Dark tourism study centre unveiled
A British University has unveiled a dedicated centre for academic research on “dark tourism” – known as thanatourism in academic circles – a phrase coined to describe visitors travelling to sites of death, brutality and terror, such as concentration camps, Cambodia’s ‘killing fields’, and ‘Ground Zero’ in New York, as well as the sites of disasters, such as the Chernobyl nuclear accident in Ukraine.
It is not a new phenomenon – morgue tours became the fashion in Victorian times – but it is becoming more popular and bigger business. For example, 1.5 million people visit the Auschwitz-Birkenau Memorial in Poland every year.
Now the University of Central Lancashire has unveiled a dedicated centre for academic research on the subject. More than 100 delegates from around the world attended an inaugural symposium for the centre – said to be the world's first – at on April 24th.
The Institute for Dark Tourism Research (IDTR) will look at ethical ways to develop and manage dark tourism sites without them becoming voyeuristic. Director Dr Philip Stone said such places make people face their "own mortality" and allow them to consider death, from a comfortable distance.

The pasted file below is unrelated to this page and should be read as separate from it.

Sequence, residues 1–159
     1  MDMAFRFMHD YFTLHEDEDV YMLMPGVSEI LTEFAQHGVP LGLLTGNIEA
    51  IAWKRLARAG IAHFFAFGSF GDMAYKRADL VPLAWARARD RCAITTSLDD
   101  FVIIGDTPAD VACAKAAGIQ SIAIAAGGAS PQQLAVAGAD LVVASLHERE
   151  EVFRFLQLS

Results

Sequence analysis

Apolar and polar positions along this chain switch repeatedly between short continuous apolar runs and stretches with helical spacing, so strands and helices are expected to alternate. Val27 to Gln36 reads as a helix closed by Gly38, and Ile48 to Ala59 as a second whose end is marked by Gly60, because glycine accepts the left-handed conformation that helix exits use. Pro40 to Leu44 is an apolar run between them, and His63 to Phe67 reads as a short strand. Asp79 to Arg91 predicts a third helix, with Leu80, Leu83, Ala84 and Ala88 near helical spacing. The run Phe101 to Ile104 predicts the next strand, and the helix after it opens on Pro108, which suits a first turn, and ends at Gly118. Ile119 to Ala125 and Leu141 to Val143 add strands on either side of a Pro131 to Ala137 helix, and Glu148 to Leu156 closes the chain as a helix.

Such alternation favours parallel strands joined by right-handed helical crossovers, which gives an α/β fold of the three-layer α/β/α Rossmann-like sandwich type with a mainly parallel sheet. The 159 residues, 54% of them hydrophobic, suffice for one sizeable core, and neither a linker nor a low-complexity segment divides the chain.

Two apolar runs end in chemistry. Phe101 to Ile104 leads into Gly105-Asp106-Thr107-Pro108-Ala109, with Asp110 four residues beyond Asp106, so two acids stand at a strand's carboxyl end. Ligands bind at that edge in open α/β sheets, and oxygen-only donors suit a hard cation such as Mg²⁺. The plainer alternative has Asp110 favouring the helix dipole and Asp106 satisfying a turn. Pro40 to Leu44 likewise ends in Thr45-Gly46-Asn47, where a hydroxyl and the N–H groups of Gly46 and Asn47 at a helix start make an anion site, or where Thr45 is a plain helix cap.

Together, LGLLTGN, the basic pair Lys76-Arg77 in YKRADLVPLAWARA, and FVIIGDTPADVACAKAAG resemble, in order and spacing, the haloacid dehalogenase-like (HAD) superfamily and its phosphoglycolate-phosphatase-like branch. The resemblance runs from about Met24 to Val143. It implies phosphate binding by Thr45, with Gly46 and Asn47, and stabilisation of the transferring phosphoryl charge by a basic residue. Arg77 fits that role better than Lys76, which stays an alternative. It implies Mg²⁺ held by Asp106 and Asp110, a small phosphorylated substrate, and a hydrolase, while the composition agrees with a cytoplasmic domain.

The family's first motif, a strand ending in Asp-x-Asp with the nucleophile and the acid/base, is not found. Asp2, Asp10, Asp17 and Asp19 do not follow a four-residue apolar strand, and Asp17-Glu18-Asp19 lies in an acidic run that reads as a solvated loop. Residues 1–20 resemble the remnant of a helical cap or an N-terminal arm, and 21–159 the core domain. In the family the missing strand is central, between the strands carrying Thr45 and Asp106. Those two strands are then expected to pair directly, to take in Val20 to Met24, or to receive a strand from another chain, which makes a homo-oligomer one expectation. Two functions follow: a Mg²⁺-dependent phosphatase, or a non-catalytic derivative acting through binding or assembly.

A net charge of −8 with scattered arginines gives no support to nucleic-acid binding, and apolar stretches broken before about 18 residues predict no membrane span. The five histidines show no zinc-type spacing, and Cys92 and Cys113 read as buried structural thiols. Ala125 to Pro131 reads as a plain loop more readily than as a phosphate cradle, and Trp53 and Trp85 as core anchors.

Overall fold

His research – which has looked at people who visit such sites as part of a wider holiday, rather than people who have specifically travelled to see them –
suggests that visitors want to find some kind of meaning in these places of suffering and the visit becomes a form of "secular pilgrimage”.
Visitors try to empathise with victims and imagine the motivations of the perpetrators, he says, and then have a sense of relief that they can step back into the safety of their own lives.
"The institute aims to provide an ethical framework to look at the packaging and commodification of death," added Dr Stone. "People can dismiss the act of visiting sites of death and disaster as voyeuristic and macabre. But what are the consequences of people visiting these sites?"
Any scene of disaster or violence is going to have an uneasy relationship with tourism - in terms of how sensitively such events are presented, and how visitors are expected to behave. A tourist attraction based on the crimes of Milwaukee serial killer and ‘cannibal’ Jeffrey Dahmer was condemned by the families of his victims for example, as it took visitors on a walking tour of the bars where the killer picked up his young prey.
However, Dr Stone says the ‘packaging’ of such sites can focus on what people experience, rather than a recognition of the awful real-life events, which are being commemorated. There is a "blurred line between memorialisation and tourism", he says.
The IDTR also plans future research plans looking at people who made trips to see the damage caused by earthquakes in Italy, and to examine the visitor industry around the Pendle Witches in its own county of Lancashire.
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